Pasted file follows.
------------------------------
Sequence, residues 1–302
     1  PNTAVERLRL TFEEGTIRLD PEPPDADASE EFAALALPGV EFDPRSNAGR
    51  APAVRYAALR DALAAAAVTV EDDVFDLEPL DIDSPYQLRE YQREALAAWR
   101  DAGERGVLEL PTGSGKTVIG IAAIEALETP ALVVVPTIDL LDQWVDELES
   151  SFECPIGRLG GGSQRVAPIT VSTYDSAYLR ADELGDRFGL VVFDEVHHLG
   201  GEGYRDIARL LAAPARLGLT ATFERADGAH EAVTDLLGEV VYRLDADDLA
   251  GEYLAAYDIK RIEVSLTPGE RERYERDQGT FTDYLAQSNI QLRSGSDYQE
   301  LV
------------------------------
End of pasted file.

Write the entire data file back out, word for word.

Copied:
Sequence, residues 1–302
     1  PNTAVERLRL TFEEGTIRLD PEPPDADASE EFAALALPGV EFDPRSNAGR
    51  APAVRYAALR DALAAAAVTV EDDVFDLEPL DIDSPYQLRE YQREALAAWR
   101  DAGERGVLEL PTGSGKTVIG IAAIEALETP ALVVVPTIDL LDQWVDELES
   151  SFECPIGRLG GGSQRVAPIT VSTYDSAYLR ADELGDRFGL VVFDEVHHLG
   201  GEGYRDIARL LAAPARLGLT ATFERADGAH EAVTDLLGEV VYRLDADDLA
   251  GEYLAAYDIK RIEVSLTPGE RERYERDQGT FTDYLAQSNI QLRSGSDYQE
   301  LV